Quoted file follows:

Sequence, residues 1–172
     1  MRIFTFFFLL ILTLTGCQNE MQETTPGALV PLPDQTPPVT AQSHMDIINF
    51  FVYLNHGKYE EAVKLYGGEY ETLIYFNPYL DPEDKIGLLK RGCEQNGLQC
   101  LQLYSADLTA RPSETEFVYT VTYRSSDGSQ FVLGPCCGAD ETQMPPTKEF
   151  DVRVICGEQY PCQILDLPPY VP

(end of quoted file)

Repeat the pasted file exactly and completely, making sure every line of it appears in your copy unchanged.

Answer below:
Sequence, residues 1–172
     1  MRIFTFFFLL ILTLTGCQNE MQETTPGALV PLPDQTPPVT AQSHMDIINF
    51  FVYLNHGKYE EAVKLYGGEY ETLIYFNPYL DPEDKIGLLK RGCEQNGLQC
   101  LQLYSADLTA RPSETEFVYT VTYRSSDGSQ FVLGPCCGAD ETQMPPTKEF
   151  DVRVICGEQY PCQILDLPPY VP